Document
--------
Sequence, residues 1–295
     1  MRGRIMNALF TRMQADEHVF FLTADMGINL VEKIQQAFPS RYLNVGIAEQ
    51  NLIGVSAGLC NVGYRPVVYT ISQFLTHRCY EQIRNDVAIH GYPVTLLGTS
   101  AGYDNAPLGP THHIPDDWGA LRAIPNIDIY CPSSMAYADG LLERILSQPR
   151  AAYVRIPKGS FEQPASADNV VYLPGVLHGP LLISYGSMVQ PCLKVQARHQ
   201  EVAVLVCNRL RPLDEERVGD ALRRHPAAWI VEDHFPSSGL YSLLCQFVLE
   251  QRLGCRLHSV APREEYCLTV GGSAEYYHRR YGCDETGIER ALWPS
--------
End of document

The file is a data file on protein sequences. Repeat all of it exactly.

Sequence, residues 1–295
     1  MRGRIMNALF TRMQADEHVF FLTADMGINL VEKIQQAFPS RYLNVGIAEQ
    51  NLIGVSAGLC NVGYRPVVYT ISQFLTHRCY EQIRNDVAIH GYPVTLLGTS
   101  AGYDNAPLGP THHIPDDWGA LRAIPNIDIY CPSSMAYADG LLERILSQPR
   151  AAYVRIPKGS FEQPASADNV VYLPGVLHGP LLISYGSMVQ PCLKVQARHQ
   201  EVAVLVCNRL RPLDEERVGD ALRRHPAAWI VEDHFPSSGL YSLLCQFVLE
   251  QRLGCRLHSV APREEYCLTV GGSAEYYHRR YGCDETGIER ALWPS